DERRY, N.H. - Emmakate Paris was a one-woman tornado, whipping through the racks at a thrift shop, hunting for Halloween costumes. The holiday is a small indulgence in a life that Paris, 41, said is consumed by worries -- "about the kids, insurance, vacation, school, taxes, the price of gas, everything."

She voted for Barack Obama in 2008 but is now torn. Obama has not lived up to his promise, she said. "My husband and I both have to work full time and we're just getting by."

But she is not thrilled with Mitt Romney either. She said he would set women back because he does not understand their needs. "Women worked so hard to get where we are today and to take our rights away from us is -- no," she said.

Behold the coveted female swing voter of 2012. She has slipped a rung or two down the economic ladder from the "soccer moms" of the more prosperous 1990s, as indicated by her new nickname -- "waitress mom." Rather than ferrying children around the suburbs in minivans, her defining characteristic is spinning in the hamster wheel of a tight economy and not getting ahead.

A distinct demographic

The quadrennial obsession with winning over female voters can sometimes lead to mythmaking. Pollsters now question the validity of soccer moms as a distinct voting bloc; the term came into vogue in the 1996 presidential election, but vanished soon thereafter.

Whether or not the term "waitress moms" endures, it defines a distinct demographic: blue-collar white women who did not attend college. And they are getting a lot of attention from both campaigns as the election barrels toward its conclusion because even at this late date, pollsters say, many have not settled on a candidate. They feel no loyalty to one party or the other, though they tend to side with Republicans.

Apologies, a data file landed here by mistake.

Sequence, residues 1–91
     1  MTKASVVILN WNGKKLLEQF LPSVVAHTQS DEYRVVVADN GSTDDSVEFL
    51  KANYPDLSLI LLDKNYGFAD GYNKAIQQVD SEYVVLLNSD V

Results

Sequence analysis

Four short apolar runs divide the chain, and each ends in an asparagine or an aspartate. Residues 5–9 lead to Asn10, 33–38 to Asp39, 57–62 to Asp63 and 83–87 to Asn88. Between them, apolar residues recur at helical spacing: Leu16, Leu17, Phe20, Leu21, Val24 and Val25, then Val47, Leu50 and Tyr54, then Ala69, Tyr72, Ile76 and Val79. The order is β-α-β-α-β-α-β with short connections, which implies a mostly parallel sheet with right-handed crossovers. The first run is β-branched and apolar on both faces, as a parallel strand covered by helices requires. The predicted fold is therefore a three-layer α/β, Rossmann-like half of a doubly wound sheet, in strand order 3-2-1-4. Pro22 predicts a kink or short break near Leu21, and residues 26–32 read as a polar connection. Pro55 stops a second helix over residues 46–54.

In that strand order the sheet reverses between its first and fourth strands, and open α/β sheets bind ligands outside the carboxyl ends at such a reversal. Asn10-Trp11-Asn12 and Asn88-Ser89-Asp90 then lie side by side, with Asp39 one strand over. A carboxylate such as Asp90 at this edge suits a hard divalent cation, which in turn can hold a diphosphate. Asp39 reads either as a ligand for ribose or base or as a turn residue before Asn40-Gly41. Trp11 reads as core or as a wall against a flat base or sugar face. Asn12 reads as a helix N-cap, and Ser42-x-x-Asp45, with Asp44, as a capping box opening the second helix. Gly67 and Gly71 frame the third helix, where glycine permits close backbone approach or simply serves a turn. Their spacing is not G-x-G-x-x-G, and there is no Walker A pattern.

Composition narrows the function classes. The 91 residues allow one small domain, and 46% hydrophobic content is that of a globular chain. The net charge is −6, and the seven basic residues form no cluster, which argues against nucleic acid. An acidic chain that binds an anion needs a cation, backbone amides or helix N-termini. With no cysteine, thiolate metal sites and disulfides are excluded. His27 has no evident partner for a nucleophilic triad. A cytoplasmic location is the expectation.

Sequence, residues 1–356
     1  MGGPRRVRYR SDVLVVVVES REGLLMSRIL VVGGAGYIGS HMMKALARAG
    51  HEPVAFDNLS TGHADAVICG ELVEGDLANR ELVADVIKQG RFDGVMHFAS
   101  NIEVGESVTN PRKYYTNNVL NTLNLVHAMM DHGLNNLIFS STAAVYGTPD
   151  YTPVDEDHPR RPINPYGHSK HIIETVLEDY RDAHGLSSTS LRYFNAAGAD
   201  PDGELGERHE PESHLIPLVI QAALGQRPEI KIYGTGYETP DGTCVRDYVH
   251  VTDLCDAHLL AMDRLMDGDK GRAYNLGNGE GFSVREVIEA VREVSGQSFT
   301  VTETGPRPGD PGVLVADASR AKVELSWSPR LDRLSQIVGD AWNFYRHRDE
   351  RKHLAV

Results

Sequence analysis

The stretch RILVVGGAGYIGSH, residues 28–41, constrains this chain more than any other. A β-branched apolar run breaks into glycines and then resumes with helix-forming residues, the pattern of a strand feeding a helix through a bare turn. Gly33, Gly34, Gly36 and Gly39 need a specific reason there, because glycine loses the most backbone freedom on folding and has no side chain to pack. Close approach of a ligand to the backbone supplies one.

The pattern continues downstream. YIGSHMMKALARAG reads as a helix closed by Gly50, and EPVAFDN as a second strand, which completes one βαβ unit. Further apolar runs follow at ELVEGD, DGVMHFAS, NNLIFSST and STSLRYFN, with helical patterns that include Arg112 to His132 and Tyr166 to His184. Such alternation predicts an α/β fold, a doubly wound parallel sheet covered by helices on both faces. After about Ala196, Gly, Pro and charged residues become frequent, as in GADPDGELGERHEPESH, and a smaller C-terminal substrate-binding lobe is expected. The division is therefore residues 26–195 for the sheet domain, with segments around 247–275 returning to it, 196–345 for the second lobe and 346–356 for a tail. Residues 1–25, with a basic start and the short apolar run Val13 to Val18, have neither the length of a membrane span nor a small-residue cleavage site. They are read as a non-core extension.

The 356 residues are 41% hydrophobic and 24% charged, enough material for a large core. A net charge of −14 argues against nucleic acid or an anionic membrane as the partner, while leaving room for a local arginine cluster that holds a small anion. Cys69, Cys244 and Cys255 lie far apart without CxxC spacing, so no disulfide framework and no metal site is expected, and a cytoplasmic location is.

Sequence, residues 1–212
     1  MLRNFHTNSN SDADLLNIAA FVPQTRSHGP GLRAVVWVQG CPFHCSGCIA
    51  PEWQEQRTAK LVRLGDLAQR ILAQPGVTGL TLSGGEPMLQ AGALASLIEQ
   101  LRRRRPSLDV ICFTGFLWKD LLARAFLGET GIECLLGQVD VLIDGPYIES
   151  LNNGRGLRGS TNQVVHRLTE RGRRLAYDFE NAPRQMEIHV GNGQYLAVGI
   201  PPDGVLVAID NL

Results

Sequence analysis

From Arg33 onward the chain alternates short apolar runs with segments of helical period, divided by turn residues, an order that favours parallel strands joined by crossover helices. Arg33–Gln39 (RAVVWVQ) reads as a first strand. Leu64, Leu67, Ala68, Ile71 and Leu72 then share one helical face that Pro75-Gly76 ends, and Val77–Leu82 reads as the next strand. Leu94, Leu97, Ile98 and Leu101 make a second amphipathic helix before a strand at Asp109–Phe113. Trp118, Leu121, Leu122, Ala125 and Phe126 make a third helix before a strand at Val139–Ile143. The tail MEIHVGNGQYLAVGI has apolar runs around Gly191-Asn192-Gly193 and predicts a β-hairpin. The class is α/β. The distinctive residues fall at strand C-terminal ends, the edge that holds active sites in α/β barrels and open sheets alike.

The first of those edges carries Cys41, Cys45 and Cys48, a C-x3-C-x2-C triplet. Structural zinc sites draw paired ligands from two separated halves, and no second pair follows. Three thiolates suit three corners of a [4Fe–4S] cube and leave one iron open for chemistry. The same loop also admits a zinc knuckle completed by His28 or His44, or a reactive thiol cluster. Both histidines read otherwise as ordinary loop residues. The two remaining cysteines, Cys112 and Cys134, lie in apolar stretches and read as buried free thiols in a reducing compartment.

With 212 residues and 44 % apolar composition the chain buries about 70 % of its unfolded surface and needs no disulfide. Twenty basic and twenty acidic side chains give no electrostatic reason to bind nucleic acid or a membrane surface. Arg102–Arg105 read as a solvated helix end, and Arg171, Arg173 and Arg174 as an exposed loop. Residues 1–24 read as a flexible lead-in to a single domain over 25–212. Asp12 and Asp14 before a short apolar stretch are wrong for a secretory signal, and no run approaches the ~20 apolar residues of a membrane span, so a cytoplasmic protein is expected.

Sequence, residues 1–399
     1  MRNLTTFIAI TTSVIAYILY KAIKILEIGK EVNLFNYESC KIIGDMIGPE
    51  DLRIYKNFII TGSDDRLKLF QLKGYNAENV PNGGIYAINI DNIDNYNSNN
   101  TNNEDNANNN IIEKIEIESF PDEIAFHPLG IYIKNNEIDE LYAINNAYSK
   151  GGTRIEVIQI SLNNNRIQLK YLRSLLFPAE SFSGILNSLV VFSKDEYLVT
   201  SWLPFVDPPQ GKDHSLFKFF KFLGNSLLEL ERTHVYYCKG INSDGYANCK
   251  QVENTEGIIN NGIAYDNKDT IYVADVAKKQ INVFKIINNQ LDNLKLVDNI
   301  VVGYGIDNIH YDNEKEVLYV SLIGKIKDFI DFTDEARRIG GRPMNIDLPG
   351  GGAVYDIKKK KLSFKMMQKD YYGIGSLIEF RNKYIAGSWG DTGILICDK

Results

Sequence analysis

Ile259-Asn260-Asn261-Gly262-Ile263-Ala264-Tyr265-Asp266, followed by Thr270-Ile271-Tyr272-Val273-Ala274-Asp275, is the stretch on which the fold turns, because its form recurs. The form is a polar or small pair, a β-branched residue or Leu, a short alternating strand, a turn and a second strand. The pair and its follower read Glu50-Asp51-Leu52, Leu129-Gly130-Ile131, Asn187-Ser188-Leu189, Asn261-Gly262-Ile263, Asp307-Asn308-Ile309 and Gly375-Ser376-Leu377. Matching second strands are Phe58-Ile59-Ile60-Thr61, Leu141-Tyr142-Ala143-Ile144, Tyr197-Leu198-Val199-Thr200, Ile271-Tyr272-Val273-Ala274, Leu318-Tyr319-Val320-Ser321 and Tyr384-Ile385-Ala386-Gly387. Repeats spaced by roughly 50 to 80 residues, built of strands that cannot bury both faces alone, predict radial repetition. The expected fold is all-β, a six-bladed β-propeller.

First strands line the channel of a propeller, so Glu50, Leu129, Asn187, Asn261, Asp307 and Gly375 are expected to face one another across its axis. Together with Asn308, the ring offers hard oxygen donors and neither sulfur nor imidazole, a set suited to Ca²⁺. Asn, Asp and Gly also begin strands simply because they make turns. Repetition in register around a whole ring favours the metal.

"Blue-collar women are most likely to be the remaining movable part of the electorate, which is precisely why both campaigns are going at them as hard as they are," said Geoff Garin, a Democratic pollster.

What matters most

About 9 percent of all voters in 2008 were white women without college degrees who had an annual household income of less than $50,000, exit polls said.

Economic issues are clearly the focus for women in this blue-collar town in Rockingham County, which Obama won in 2008 by less than 1 percent of the vote.

Michelle Trulson, 39, actually is a waitress (not all waitress moms are waitresses, of course, nor are they all mothers). She works a second as a lab technician. Fearing that Romney would undercut her attempts to provide for her family -- and end funding for Planned Parenthood -- she supports Obama. "I'm a single mom," she said. "I'm not on welfare, I do work, I don't collect food stamps. But my kids need insurance, so they're on Medicaid and I don't want that messed with."

And the economy is the reason that Ashley Delpidio, 26, who works in customer service for a health insurance company, supports Romney. "I'm a woman, so obviously I believe in woman's rights," she thought Romney would do better at creating jobs.